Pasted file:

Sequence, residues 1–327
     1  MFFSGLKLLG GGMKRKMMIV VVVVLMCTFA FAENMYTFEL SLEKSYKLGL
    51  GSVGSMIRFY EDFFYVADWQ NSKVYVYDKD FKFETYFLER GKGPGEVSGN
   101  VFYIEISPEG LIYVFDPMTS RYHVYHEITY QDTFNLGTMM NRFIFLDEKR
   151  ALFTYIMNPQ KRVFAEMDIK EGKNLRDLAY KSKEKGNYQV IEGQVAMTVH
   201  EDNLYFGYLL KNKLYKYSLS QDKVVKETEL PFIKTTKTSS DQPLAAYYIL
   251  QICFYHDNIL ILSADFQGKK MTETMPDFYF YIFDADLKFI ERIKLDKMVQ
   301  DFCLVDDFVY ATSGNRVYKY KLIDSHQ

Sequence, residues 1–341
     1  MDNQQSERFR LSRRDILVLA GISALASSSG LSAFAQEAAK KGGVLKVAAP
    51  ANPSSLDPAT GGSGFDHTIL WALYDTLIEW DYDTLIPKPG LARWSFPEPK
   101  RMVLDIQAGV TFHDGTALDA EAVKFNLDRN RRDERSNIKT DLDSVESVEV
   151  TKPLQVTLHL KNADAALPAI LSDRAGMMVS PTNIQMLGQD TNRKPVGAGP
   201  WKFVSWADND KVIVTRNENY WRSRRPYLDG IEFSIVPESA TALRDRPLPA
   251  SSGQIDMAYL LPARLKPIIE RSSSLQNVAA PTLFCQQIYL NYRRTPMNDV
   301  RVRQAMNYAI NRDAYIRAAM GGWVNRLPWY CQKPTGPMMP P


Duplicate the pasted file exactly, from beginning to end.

Sequence, residues 1–327
     1  MFFSGLKLLG GGMKRKMMIV VVVVLMCTFA FAENMYTFEL SLEKSYKLGL
    51  GSVGSMIRFY EDFFYVADWQ NSKVYVYDKD FKFETYFLER GKGPGEVSGN
   101  VFYIEISPEG LIYVFDPMTS RYHVYHEITY QDTFNLGTMM NRFIFLDEKR
   151  ALFTYIMNPQ KRVFAEMDIK EGKNLRDLAY KSKEKGNYQV IEGQVAMTVH
   201  EDNLYFGYLL KNKLYKYSLS QDKVVKETEL PFIKTTKTSS DQPLAAYYIL
   251  QICFYHDNIL ILSADFQGKK MTETMPDFYF YIFDADLKFI ERIKLDKMVQ
   301  DFCLVDDFVY ATSGNRVYKY KLIDSHQ

Sequence, residues 1–341
     1  MDNQQSERFR LSRRDILVLA GISALASSSG LSAFAQEAAK KGGVLKVAAP
    51  ANPSSLDPAT GGSGFDHTIL WALYDTLIEW DYDTLIPKPG LARWSFPEPK
   101  RMVLDIQAGV TFHDGTALDA EAVKFNLDRN RRDERSNIKT DLDSVESVEV
   151  TKPLQVTLHL KNADAALPAI LSDRAGMMVS PTNIQMLGQD TNRKPVGAGP
   201  WKFVSWADND KVIVTRNENY WRSRRPYLDG IEFSIVPESA TALRDRPLPA
   251  SSGQIDMAYL LPARLKPIIE RSSSLQNVAA PTLFCQQIYL NYRRTPMNDV
   301  RVRQAMNYAI NRDAYIRAAM GGWVNRLPWY CQKPTGPMMP P